ConflictDriven Answer Set Solving: From Theory to Practice
, 2012
"... We introduce an approach to computing answer sets of logic programs, based on concepts successfully applied in Satisfiability (SAT) checking. The idea is to view inferences in Answer Set Programming (ASP) as unit propagation on nogoods. This provides us with a uniform constraintbased framework capt ..."
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Cited by 38 (10 self)
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We introduce an approach to computing answer sets of logic programs, based on concepts successfully applied in Satisfiability (SAT) checking. The idea is to view inferences in Answer Set Programming (ASP) as unit propagation on nogoods. This provides us with a uniform constraintbased framework capturing diverse inferences encountered in ASP solving. Moreover, our approach allows us to apply advanced solving techniques from the area of SAT. As a result, we present the first fullfledged algorithmic framework for native conflictdriven ASP solving. Our approach is implemented in the ASP solver clasp that has demonstrated its competitiveness and versatility by winning first places at various solver contests.
Software model checking via largeblock encoding,
, 2009
"... AbstractSeveral successful approaches to software verification are based on the construction and analysis of an abstract reachability tree (ART). The ART represents unwindings of the controlflow graph of the program. Traditionally, a transition of the ART represents a single block of the program, ..."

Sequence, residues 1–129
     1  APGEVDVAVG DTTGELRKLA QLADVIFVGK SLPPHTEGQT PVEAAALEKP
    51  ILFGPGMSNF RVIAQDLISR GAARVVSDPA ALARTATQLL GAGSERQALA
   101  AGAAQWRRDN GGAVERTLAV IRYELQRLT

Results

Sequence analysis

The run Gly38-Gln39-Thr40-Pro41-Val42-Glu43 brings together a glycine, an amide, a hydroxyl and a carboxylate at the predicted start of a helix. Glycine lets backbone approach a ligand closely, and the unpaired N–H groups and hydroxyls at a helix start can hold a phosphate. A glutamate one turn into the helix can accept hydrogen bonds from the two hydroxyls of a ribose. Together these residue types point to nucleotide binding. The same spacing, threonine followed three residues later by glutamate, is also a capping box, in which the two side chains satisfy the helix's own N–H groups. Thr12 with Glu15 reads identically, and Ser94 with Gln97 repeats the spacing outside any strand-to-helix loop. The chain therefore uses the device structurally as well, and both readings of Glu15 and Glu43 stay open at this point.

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Cited by 33 (15 self)
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AbstractSeveral successful approaches to software verification are based on the construction and analysis of an abstract reachability tree (ART). The ART represents unwindings of the controlflow graph of the program. Traditionally, a transition of the ART represents a single block of the program, and therefore, we call this approach singleblock encoding (SBE). SBE may result in a huge number of program paths to be explored, which constitutes a fundamental source of inefficiency. We propose a generalization of the approach, in which transitions of the ART represent larger portions of the program; we call this approach largeblock encoding (LBE). LBE may reduce the number of paths to be explored up to exponentially. Within this framework, we also investigate symbolic representations: for representing abstract states, in addition to conjunctions as used in SBE, we investigate the use of arbitrary Boolean formulas; for computing abstractsuccessor states, in addition to Cartesian predicate abstraction as used in SBE, we investigate the use of Boolean predicate abstraction. The new encoding leverages the efficiency of stateoftheart SMT solvers, which can symbolically compute abstract largeblock successors. Our experiments on benchmark C programs show that the largeblock encoding outperforms the singleblock encoding.
Syntaxguided synthesis.
 In FMCAD,
, 2013